Weaving together Eastern and Western philosophies, Tias Little connects his mindful yoga teachings to the depths of the subtle body and the Earth. This month we spoke with Tias about his support for Yogis Unite, and Marine Arctic Peace Sanctuary – sharing why he believes yogis must come together in support of “the global body”, for planetary healing.
Parvati Magazine: Your unique approach enables students to embrace a greater level of mindfulness and prajna (deep understanding). How does yoga inform your view of the world?
Tias Little: The work that I do here in Santa Fe, New Mexico, is tied to the land. We built an ecological structure for yoga practice. We really feel like the yoga practices involve awareness for the ecosystem. We do walking meditation and an outdoor sitting practice in the course of our retreat. Our aim is to heighten awareness, not only for the inner body, but the global body, the exterior. Ultimately I think there is not a difference between the inner body and the outer.
Yoga of the subtle body and the environment
Parvati Magazine: Your style of yoga thoughtfully intertwines both Eastern and Western perspectives. Why is this unity of wisdom from around the world important to you? How does Yogis Unite align with this philosophy?
Tias Little: I think yogis have always been connected to the environment. I think that awareness coming from the Vedas, the traditional teachings – coming from the powers of the wind, the rivers, the atmosphere, the ozone … Today, after practicing yoga for over 30 years, I connect more to the “subtle body”. Just this last year, I wrote a book entitled “Yoga of the Subtle Body”. I identify the body as full of “rivers” – rivers of lymph, rivers of blood, rivers of nerves, or clouds in the lungs – I think there are lots of ways to see the interior body, metaphorically, as connected to the Gaiam – to the whole earth.
How yoga connects us with the natural world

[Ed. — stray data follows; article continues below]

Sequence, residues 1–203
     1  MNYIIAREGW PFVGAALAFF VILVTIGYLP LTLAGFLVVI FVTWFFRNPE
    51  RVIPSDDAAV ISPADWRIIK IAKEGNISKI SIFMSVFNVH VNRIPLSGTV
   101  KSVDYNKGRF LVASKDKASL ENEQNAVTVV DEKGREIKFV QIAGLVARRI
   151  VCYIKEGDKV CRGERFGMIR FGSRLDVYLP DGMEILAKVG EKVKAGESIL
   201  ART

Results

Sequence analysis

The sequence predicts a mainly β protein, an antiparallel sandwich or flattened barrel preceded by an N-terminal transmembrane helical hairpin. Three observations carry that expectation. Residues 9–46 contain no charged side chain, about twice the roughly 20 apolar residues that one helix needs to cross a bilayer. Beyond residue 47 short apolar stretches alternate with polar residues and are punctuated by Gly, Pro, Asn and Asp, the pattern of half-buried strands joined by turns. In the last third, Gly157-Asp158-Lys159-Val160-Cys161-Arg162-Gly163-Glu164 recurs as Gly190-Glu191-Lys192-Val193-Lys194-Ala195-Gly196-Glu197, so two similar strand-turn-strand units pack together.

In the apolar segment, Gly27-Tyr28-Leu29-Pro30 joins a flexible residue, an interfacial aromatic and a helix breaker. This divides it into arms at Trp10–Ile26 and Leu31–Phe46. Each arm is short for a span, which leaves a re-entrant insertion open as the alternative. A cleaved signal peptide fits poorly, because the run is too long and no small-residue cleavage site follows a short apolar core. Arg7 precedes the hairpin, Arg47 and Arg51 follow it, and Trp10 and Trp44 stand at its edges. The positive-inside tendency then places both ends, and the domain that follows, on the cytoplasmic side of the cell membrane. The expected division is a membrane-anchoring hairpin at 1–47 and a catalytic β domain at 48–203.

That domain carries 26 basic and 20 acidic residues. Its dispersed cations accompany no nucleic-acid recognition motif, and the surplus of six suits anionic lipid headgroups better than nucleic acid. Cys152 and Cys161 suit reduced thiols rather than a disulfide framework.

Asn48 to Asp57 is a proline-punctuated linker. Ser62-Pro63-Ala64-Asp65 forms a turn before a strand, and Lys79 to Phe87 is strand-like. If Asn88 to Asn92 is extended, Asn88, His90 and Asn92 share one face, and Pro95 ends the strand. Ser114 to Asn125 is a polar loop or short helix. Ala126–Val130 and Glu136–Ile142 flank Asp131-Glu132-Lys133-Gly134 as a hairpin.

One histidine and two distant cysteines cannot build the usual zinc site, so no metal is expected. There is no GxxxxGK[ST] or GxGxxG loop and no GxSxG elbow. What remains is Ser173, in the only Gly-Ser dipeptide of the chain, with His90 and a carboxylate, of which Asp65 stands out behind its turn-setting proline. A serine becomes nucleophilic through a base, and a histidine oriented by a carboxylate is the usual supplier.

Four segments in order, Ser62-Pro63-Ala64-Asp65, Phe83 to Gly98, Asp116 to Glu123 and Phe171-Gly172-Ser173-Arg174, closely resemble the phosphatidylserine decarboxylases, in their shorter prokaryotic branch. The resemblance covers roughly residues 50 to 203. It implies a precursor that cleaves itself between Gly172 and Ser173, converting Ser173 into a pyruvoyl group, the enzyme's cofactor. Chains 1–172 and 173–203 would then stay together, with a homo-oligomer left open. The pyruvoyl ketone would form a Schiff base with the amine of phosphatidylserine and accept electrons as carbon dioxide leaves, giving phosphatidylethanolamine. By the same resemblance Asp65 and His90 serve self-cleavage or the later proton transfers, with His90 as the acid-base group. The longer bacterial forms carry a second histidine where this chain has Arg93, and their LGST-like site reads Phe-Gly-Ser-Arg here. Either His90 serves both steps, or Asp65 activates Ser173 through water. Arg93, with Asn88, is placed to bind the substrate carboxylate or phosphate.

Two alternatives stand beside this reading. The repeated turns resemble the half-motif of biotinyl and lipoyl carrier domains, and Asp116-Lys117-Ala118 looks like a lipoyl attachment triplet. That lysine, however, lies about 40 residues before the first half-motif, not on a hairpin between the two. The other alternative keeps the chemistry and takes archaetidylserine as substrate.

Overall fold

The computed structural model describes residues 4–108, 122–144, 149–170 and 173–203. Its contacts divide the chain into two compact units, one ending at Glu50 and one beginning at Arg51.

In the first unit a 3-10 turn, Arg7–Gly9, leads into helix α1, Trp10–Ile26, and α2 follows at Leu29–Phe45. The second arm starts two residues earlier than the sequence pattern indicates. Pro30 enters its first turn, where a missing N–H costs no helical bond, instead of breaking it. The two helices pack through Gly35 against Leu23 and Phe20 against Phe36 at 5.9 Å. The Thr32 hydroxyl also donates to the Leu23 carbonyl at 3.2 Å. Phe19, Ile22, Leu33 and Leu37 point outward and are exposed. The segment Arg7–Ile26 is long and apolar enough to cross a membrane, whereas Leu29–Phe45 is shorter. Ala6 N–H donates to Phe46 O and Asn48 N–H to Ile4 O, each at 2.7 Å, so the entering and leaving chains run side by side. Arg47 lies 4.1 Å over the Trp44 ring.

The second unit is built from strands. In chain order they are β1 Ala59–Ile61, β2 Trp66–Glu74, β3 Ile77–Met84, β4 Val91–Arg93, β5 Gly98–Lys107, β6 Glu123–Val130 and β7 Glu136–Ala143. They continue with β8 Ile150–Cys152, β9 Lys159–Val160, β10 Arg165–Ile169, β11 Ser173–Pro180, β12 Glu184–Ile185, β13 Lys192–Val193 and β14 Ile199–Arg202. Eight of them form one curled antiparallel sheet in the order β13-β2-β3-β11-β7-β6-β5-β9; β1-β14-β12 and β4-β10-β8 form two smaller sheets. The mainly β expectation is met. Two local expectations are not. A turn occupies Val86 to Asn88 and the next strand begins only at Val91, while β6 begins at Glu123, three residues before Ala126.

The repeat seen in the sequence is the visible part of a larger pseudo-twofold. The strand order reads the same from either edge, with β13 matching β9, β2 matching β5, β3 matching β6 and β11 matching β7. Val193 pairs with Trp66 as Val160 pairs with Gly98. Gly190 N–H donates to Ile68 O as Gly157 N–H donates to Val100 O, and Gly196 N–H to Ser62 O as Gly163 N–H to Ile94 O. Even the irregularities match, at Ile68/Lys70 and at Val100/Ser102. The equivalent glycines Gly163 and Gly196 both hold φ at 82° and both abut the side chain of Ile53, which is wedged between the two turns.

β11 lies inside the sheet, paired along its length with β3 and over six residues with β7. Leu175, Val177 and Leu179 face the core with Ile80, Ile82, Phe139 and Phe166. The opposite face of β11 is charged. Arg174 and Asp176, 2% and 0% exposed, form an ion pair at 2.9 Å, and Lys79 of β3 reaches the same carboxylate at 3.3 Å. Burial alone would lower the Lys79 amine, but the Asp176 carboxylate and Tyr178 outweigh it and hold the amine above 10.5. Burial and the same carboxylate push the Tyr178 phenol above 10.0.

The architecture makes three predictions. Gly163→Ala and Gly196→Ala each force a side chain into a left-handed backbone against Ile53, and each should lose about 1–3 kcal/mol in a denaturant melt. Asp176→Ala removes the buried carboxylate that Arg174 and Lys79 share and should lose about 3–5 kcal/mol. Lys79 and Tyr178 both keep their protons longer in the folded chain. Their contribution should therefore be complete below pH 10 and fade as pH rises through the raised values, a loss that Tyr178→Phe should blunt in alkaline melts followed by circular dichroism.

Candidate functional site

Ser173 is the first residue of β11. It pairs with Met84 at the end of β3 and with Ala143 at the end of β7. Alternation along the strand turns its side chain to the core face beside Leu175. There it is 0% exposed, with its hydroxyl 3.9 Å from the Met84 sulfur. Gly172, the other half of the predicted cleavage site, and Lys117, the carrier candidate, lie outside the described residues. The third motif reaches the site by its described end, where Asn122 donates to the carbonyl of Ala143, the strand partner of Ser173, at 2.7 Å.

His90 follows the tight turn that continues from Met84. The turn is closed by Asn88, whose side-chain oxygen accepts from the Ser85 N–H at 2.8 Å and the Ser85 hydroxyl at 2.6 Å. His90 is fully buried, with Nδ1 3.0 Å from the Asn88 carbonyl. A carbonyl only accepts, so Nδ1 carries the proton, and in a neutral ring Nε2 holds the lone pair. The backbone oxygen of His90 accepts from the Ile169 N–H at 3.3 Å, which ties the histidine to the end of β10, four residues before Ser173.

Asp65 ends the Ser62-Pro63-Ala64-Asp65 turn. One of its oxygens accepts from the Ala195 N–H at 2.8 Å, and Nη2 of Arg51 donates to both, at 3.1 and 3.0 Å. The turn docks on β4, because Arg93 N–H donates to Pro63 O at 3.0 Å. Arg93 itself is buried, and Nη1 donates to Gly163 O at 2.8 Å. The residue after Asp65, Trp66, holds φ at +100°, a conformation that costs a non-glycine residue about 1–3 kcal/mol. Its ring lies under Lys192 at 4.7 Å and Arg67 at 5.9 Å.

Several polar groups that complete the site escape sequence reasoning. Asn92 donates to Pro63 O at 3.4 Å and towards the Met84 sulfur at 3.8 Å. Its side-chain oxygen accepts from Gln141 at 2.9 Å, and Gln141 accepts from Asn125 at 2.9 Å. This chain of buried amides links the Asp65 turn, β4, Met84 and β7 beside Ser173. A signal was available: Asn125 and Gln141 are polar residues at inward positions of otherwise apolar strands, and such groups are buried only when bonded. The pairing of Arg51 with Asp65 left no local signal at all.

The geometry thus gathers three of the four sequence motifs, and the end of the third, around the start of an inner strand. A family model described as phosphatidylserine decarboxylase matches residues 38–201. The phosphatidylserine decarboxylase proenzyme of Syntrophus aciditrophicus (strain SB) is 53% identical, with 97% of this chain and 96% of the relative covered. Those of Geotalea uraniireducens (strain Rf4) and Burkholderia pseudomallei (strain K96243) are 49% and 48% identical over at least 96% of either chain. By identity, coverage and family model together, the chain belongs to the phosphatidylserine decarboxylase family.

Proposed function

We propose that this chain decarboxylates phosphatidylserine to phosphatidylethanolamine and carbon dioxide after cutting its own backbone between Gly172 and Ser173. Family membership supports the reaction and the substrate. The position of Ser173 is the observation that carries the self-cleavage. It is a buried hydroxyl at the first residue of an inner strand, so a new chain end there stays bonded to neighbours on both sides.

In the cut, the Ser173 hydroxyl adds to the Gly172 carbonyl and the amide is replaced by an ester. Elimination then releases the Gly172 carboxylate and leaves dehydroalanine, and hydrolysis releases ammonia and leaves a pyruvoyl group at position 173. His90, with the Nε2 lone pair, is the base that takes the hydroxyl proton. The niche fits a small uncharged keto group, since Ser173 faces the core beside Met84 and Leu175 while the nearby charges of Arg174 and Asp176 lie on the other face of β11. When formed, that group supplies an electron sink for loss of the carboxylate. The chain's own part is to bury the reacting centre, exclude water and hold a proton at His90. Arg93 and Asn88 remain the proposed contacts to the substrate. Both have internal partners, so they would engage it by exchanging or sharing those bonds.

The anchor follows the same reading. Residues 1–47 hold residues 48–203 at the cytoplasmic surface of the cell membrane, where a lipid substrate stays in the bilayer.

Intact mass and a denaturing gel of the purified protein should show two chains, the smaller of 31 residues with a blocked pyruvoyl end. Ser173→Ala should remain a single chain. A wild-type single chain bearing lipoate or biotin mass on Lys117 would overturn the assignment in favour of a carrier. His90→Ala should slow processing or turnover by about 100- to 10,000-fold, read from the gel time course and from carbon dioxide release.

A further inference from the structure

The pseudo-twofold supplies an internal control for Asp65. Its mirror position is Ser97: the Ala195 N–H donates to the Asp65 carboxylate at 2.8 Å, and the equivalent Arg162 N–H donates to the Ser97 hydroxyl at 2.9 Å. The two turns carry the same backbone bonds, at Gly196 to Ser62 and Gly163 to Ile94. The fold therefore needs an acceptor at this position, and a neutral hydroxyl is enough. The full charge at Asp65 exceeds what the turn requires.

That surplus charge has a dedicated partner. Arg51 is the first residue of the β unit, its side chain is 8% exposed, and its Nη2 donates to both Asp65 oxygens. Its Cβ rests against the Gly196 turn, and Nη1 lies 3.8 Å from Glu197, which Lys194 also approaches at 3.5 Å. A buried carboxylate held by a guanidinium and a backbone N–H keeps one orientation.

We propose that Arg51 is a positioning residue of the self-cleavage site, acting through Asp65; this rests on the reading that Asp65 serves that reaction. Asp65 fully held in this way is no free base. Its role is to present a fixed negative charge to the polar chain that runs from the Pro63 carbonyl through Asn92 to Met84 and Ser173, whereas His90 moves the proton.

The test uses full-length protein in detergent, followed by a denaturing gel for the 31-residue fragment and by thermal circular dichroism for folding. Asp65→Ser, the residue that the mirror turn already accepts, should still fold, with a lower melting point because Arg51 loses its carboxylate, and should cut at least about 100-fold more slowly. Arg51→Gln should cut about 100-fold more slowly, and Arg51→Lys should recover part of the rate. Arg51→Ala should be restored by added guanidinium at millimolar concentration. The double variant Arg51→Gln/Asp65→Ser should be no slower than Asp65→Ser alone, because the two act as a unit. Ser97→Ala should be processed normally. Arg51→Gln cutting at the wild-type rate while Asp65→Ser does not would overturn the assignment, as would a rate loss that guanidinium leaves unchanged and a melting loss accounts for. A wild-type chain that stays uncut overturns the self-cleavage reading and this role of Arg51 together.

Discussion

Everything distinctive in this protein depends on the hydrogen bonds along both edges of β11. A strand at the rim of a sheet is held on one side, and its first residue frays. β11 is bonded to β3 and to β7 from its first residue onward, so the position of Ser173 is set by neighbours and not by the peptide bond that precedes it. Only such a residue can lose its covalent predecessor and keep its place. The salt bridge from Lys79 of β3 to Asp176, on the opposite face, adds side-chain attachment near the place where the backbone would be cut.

Parvati Magazine: Why is the Marine Arctic Peace Sanctuary an initiative you support? How does yoga inform your attitudes on critical global and environmental issues?
Tias Little: The Prana that we cherish in yoga practice, that we look to strengthen and revitalize, is really supported by the ecosystem that we live in. Over the years I’ve done events with the Great Whale Conservancy – doing events with Yoga and the Big Blue, and taking students out to see the whales. I really feel the more we can connect to the great animals of the planet, and the ecosystem at large, the more it supports Prana. Interestingly, in terms of MAPS, [the god] Shiva is basically in Samadhi on an icefield. And [with] the glacier at the top of the mountains above India, in Nepal, in Tibet, yoga has a referral to how it preserves the wisdom and lifeforce in some of the myths and stories of Shiva. I think if yogis can be more active to support the preservation of the land and the oceans, it will help sustain and continue for years to come. So, we are very much in support of the Marine Arctic Peace Sanctuary!
Parvati Magazine: It’s interesting that you mention the big blue whale. Parvati was called to the Arctic, and ultimately to found Parvati.org and MAPS, by a recurring dream of a blue whale under the Arctic ice. She cancelled her tour and travelled up to the Arctic and met with elders there, who said “You are the one who’s come to do healing for the Earth. We knew you were coming. The whale told us.”
Tias Little: I do a lot of dreamwork, and there’s such a rich history in the Upanishads about sleep and dreams. I’ve had many dreams of whales – and I think whales are archetypes (along with elephants, and the big animals of the planet); they are the wisdom keepers. Some believe that if the large animals go extinct, then we will lose our connection to our own memory, planetarily and historically.
Embracing our interdependence
Parvati Magazine: Why is it crucial for yogis to use their teachings to empower greater compassion and awareness for our planet?
Tias Little: I think that it’s so important to be able to embody an empathetic awareness for the interdependence of all systems. Whether it’s the rain, or clouds, or mountains, or insects, butterflies—this global awareness is not limited to the body. I think that we must be in service of that with the way we vote and our policy—to preserve the natural habitat. Realizing that all things are interconnected and there is no such thing as an independent entity, or an independent self. So then one’s in service of the whole, not the ME or the I.
Tias Little began studying Iyengar yoga in 1985 and lived in Mysore, India in 1989 studying Ashtanga with Pattabhi Jois. He is a longtime student of the meditative arts and Buddhism. Tias lives in Santa Fe, New Mexico where he directs his school, Prajna Yoga, and is the author of three books.